Correspondingly, the future of the world and its end were made part of the history of the Church; newly inflamed prophets necessarily exposed themselves to verdicts of heresy. The Church utilized the imminent-but-future End of the World as a means of stabilization, finding an equilibrium between the threat of the End on the one hand and the hope of Parousia on the other.5 The unknown Eschaton must be understood as one of the Church’s integrating factors, enabling its self-constitution as world and as institution. The Church is itself eschatological. But the moment the figures of the apocalypse are applied to concrete events or instances, the eschatology has disintegrative effects. The End of the World is only an integrating factor so long as its politico-historical meaning remains indeterminate.
The Church integrates the future as the possible End of the World within its organization of time; it is not placed at the end point of time in a strictly linear fashion. The end of time can be experienced only because it is always already sublimated in the Church. The history of the Church remains the history of salvation so long as this condition held.
The most basic assumptions of this tradition were destroyed by the Reformation. Neither Church nor worldly powers were capable of containing the energies which Luther, Zwingli, and Calvin unleashed upon the European world. In his old age, Luther himself doubted the possibility of peace; the Imperial Assemblies labored in vain, and he prayed that the final day would come, “asking only that it not be too soon, that there be a little time.”6 The task of the empire in postponing the End of the World echoes through the plea of a man who saw no way out for this world. The empire had failed in its duty.
Shortly afterward, in 1555, the Religious Peace of Augsburg was signed so that “this praiseworthy nation be secured against an ever-threatening ruin,” as it says in paragraph 25. The Stände agreed that a “stable, secure, unconditional, and eternally lasting peace was to be created.”7 This was to hold even if (and while disputed, this was conclusive) the religious parties should arrive at no settlement and find no unity. Henceforth peace and religious duty were no longer identical: peace meant that the fronts of religious civil war were to be shut down, frozen in situ. Today we can only with great difficulty gain a sense of quite how monstrous this imposition seemed at that time. The compromise, born of necessity, concealed within itself a new principle, that of “politics,” which was to set itself in motion in the following century.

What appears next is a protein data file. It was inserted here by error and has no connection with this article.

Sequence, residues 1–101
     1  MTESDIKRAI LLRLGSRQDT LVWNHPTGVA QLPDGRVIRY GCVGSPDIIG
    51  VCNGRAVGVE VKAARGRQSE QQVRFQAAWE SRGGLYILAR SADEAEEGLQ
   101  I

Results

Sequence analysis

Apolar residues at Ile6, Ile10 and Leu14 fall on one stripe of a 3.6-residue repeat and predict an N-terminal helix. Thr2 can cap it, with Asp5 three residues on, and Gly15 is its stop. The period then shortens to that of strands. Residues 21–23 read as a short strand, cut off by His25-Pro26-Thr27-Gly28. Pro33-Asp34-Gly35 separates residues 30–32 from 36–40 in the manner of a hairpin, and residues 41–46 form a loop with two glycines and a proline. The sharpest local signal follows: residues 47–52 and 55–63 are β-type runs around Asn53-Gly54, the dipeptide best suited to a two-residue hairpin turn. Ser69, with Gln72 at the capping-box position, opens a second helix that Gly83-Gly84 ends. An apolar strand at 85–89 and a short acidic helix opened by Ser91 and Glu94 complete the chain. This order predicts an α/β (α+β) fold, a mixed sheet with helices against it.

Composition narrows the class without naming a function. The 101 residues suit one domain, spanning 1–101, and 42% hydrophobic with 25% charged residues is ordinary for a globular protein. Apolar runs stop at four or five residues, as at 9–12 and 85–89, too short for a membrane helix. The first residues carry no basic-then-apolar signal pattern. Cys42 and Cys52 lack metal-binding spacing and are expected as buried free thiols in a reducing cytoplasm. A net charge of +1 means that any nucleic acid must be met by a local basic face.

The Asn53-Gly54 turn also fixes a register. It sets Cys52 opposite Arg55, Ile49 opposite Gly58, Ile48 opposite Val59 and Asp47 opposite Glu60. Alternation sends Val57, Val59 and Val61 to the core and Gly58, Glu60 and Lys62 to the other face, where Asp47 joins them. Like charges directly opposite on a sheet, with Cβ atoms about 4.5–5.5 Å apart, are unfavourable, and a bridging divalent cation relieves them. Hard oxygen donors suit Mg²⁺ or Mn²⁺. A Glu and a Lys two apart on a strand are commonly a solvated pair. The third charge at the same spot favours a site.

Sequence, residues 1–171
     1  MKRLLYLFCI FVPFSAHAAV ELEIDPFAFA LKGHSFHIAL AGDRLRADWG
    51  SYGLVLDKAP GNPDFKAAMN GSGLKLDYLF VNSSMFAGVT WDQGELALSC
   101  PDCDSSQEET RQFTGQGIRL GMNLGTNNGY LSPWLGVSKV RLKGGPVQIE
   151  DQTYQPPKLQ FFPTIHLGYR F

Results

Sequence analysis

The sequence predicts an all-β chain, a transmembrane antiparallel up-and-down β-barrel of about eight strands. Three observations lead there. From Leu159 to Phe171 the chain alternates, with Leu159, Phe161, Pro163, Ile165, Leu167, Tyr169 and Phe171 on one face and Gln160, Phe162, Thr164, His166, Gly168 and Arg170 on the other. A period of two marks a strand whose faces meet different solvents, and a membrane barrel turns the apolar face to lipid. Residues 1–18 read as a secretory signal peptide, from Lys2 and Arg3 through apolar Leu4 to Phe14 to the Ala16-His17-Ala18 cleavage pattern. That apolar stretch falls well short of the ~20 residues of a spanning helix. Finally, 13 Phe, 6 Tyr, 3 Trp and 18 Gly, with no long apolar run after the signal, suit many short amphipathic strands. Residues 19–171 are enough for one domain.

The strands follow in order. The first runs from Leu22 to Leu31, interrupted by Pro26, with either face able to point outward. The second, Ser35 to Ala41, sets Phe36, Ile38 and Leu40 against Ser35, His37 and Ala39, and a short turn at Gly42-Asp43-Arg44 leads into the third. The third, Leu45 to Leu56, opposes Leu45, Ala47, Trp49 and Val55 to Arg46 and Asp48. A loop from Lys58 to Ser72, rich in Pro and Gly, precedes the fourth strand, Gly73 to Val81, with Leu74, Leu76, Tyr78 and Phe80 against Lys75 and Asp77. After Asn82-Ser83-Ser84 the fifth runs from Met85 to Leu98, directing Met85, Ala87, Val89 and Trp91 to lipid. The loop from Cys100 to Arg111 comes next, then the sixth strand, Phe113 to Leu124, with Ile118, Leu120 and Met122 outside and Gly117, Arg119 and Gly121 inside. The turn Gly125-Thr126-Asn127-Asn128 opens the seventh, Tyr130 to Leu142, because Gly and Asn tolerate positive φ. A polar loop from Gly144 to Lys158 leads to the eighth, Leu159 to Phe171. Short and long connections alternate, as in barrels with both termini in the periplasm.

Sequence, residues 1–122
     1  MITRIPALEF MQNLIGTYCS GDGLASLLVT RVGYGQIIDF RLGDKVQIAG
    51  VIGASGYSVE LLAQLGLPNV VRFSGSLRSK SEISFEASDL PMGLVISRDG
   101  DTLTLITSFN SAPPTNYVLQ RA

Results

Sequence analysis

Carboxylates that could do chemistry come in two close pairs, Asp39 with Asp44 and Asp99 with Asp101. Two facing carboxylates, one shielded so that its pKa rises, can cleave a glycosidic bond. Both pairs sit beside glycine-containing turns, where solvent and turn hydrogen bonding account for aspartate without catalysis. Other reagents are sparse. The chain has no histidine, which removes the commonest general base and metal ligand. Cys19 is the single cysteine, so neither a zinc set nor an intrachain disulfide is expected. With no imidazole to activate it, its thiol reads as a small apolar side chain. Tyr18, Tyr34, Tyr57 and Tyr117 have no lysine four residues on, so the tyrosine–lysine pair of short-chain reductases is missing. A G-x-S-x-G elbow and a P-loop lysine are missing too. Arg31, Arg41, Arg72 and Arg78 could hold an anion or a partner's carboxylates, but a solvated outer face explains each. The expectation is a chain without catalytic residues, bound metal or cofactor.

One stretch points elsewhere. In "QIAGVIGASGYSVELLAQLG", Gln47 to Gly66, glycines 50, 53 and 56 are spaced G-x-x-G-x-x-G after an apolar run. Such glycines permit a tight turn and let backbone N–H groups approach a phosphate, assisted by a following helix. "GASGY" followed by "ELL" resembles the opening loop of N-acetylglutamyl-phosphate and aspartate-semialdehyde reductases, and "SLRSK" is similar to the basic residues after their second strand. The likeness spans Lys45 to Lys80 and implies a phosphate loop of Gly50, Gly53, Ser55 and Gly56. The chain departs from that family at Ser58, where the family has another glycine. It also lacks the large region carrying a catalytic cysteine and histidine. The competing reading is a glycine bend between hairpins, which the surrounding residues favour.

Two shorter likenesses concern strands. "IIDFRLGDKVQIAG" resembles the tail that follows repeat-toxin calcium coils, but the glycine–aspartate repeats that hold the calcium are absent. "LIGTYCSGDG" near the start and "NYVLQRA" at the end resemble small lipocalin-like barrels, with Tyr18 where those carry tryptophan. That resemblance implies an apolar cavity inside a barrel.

Politicians were concerned about the temporal, not the eternal, as the orthodox among all parties complained. “L’heresie n’est plus auiourd’huy en la Religion; elle est en l’Estat,”8 retorted a French lawyer and politician during the confessional civil war. Heresy no longer existed within religion; it was founded in the state. This is a dangerous statement, if we repeat it today. In 1590, however, its meaning consisted in formulating orthodoxy as a question set in terms of the jurisdiction of the state (Staatsrecht). “Cuius regio, eius religio”9 is an early formula for the sovereignty of individual rulers, whatever their confessional tendency, over the religious parties within their domains. But it was only after the Thirty Years War had worn down the Germans that they were able to make the principle of religious indifference the basis for peace. Primarily begun as a religious war by the Stände of the Holy Roman Empire, the Thirty Years War ended with the peace negotiations of sovereigns, the status to which the territorial rulers had emancipated themselves. While in the West modern states arose from guerre civile and civil war, the religious war in Germany transformed itself—thanks to intervention—into a war between states, whose outcome paradoxically gave new life to the Holy Roman Empire. The renewed life was under new conditions, of course: the peace decrees of Münster and Osnabrück had validity, up until the French Revolution, as the legal (völkerrechtlich) basis of toleration. What consequences did the new arrangement of politics and religi...